We will be lamenting the elevation to the highest level of our Government, a man who is simply unqualified for and undeserving of it; a man who has already shown himself unable to respect the gravity of the moment and unwilling to act in the interest of the whole of the American people.

And so for us, this Inauguration day is indeed a funeral; a mourning over the country we might have had, the future we could have been building—the President we should have been welcoming.

And the question is, what do we do with this day that might be redemptive, that might bring life? Here are a few suggestions:

1) Serve someone. Step out into your neighborhoods, alone or with other-like hearted people and perform acts of service today, especially for those who are often overlooked or excluded. These will be the same communities ignored by the coming Administration and we will need to make sure that no one is rendered invisible, that everyone is cared for. With a President-Elect whose life, career, and campaign have been marked by such greed and ego—compassion and kindness will now be acts of bold resistance.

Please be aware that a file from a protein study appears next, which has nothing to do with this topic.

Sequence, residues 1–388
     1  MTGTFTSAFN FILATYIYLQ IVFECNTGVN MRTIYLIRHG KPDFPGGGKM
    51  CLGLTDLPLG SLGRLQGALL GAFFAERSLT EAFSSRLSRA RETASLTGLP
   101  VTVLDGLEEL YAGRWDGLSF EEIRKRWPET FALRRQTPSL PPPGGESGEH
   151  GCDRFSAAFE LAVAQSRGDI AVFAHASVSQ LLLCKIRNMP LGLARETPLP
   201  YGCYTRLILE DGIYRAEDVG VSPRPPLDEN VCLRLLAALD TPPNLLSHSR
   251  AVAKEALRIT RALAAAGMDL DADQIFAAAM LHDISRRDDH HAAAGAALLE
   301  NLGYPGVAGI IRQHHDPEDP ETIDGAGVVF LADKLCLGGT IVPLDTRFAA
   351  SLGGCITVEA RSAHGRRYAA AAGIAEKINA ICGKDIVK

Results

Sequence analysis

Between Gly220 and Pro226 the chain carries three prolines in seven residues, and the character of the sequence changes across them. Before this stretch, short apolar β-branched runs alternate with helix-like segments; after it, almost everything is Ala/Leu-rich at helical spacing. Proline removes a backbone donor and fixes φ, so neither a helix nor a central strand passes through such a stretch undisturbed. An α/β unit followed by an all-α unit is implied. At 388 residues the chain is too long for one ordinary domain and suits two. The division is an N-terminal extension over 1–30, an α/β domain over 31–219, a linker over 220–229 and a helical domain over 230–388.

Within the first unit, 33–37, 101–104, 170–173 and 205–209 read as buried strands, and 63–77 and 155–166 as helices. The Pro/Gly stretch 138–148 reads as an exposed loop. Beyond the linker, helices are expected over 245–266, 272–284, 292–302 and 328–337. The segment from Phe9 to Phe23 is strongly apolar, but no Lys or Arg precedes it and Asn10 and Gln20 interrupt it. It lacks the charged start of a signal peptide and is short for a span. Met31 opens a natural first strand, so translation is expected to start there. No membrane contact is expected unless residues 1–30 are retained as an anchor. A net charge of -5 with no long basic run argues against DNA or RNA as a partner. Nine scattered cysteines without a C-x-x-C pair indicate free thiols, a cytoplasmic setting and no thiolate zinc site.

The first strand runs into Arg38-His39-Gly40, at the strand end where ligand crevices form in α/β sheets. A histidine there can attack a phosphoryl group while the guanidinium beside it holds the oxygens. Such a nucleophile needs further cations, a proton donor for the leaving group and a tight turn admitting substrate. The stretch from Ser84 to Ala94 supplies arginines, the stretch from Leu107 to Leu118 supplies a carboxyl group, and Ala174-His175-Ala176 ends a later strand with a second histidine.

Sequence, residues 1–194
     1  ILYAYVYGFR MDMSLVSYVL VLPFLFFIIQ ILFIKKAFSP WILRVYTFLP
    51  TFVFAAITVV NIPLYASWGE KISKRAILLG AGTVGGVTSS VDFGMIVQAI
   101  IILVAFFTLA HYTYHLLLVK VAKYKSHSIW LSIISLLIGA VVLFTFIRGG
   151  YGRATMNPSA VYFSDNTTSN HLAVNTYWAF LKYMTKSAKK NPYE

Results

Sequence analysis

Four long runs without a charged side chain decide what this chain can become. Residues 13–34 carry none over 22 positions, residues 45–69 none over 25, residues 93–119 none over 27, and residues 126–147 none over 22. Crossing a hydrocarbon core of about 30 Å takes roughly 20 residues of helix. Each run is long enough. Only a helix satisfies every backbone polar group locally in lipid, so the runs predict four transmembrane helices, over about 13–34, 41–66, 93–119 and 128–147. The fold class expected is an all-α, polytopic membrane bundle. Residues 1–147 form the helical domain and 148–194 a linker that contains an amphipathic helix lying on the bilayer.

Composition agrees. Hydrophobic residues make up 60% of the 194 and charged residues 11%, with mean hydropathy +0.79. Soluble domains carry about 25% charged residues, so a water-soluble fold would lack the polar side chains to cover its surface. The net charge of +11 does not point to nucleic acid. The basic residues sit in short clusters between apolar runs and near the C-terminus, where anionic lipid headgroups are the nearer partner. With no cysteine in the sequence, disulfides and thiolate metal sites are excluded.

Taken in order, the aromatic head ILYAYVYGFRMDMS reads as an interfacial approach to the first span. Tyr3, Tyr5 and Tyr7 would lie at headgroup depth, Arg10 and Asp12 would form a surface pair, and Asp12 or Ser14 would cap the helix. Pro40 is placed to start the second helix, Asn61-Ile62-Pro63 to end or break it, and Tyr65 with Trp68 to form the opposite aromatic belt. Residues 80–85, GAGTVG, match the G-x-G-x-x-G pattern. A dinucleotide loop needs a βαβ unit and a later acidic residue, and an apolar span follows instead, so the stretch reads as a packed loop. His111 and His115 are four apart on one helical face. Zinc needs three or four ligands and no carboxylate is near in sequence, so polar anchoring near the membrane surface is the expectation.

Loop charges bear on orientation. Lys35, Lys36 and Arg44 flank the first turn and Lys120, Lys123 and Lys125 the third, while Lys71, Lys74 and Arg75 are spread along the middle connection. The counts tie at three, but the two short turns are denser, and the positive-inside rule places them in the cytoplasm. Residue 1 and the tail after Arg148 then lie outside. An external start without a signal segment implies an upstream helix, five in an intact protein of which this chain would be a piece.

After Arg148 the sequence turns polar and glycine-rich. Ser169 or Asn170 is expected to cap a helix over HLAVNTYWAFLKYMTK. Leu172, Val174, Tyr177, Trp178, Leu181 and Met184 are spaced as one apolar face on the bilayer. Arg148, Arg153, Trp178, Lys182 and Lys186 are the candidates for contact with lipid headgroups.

2) Engage in financial activism. Money does indeed talk. It advocates. It protests. In fact, our financial resources can and should be a tangible form of activism. Do some research today and make a contribution to an organization you believe is doing great work fighting the kind of discrimination, bigotry, and injustice already evident in the coming Administration. Give generously today to sustain and encourage those already pushing upstream.

3) Get your hands dirty. There are countless opportunities to come alongside people already in the trenches fighting for equality and diversity locally, state-wide, and across the country. Make a commitment today to come alongside them by joining a nonprofit, community organization, faith-based group, or grass-roots movement. Leverage the powerful resource of your presence and participate in work that moves you. Resist the apathy around you today by gracing enough to move.

4) Reach across a divide. Exclusion has been one of the hallmarks of the President-Elect’s campaign, seeking to divide people along lines of color, gender, religion, sexual orientation, place of birth, and yes, political affiliation. Today, do something that intentionally builds a bridge to a community you may have little interaction with or knowledge of, or to an individual you may feel opposition to. It might mean picking up the phone or inviting someone for coffee or visiting an unfamiliar house of worship or attending a community gathering. Resist the wall-builder today by breaking down walls.